As a card-carrying boomer and a home care expert, I am excited about the variety of senior housing or “senior living” options evolving to meet this demographic’s diverse needs.
Lest we forget – boomers are not to be trifled with. We will continue to affect the future of most every sort of product in this country and around the globe. After all, we are the generation that introduced marathon and triathalon events to the masses!
What are the latest trends in assisted living?
Here, I take a look at an article reporting on the latest changes in the industry. One thing is for sure, the ever-expanding menu of extras available to more senior and boomer residents would blow my grandmother’s mind!
According to Shelly K. Schwartz in bankrate.com, the senior housing market is busy reinventing itself to meet the needs of the 50 and older generations. These days we will see living options that are designed to meet not only accommodate different activity levels but philosophical standpoints.
For example, former academics and scientists may be attracted to a facility with aggressive, on-site learning options. Or as part of the great majority of boomers and older who want to live at home, many may see the benefit of participating in a village cooperative.
1) Boutique senior living
These days, Schwartz writes, a number of properties cater to a select subset of residents, much like boutique hotels.
“We’ve reached the stage of evolution where rather than all these assisted living facilities looking alike, recognizing that there’s a very large population of seniors out there so we can divide into specialty housing,” says Carle.
For example, some new communities are targeted toward Asian seniors. Others are designed to attract the gay and lesbian population and even nudists.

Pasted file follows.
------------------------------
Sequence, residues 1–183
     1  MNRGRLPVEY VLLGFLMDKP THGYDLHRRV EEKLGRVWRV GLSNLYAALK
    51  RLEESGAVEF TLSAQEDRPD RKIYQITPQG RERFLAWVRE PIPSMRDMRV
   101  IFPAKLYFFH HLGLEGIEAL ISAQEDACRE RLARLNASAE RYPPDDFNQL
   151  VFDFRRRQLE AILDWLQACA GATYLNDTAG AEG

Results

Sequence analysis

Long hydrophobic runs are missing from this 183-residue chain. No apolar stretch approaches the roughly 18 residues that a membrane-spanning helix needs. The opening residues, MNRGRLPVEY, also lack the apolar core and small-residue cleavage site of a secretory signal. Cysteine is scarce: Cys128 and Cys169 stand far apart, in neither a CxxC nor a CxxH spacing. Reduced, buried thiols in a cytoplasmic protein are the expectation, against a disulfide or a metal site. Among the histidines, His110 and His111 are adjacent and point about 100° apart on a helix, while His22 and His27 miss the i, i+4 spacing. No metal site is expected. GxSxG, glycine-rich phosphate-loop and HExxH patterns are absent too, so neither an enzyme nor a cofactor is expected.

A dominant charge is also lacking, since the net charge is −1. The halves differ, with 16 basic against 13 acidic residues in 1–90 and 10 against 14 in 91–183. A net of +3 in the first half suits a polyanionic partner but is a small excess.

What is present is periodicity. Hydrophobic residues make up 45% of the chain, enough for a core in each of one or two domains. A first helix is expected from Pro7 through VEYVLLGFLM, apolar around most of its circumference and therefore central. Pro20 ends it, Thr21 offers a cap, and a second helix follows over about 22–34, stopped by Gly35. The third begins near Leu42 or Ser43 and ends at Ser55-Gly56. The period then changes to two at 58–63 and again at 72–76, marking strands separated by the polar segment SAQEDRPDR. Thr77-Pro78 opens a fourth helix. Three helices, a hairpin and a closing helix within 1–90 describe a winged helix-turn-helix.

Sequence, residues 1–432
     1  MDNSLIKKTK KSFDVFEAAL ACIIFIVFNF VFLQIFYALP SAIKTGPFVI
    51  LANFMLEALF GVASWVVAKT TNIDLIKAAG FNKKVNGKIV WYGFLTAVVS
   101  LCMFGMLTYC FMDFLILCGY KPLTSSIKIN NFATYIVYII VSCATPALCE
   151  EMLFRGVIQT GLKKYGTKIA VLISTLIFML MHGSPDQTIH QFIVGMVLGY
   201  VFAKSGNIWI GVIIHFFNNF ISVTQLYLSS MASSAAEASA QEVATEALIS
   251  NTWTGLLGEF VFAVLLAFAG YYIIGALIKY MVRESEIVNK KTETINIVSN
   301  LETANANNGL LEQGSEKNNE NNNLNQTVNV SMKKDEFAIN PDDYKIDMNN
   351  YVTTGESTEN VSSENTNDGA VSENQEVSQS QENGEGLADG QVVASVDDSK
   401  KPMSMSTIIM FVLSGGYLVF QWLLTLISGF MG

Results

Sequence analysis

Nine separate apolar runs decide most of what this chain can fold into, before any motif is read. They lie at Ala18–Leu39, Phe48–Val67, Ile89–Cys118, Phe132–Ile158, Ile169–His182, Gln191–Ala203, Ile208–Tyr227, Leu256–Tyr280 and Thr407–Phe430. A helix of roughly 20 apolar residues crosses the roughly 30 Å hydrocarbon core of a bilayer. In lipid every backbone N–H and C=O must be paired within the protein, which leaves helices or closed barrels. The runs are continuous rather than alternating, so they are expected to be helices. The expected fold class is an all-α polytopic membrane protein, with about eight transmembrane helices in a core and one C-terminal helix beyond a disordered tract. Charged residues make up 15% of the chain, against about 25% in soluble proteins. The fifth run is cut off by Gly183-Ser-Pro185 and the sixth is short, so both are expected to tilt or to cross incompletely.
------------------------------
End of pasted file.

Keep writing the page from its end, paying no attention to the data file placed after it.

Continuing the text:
2) Lifelong-learning communities
A number of communities are also partnering with local colleges or universities to offer more lifelong learning opportunities. One such community, Lasall Village in Newton, Mass., requires residents to commit to spending 450 hours a year taking college courses and engaging in fitness programs at a small liberal arts college nearby.
3) Eco-friendly communities
Communities interested in living an eco-friendly lifestyle attract retired boomers and seniors who want to live their ethical values of what it is to be green. These communities pay particular interest in using eco-friendly construction, products and appliances as well as reducing carbon emissions.
4) Village concept
Although assisted living communities are becoming more diverse, most seniors would prefer to age in place, notes Nancy Thompson, AARP spokeswoman.
A new model of assisted living, called Villages, is helping seniors remain in their own homes as they age, while still offering the support services they need, including personal care, help with yardwork, trips to the grocery store and social outlets.
Such villages, which are typically run by neighborhood volunteers, are funded by annual membership dues and are open to seniors within a specific community. To date there are about 145 such villages around the country and more than 100 more under development.
How do you see assisted living evolving?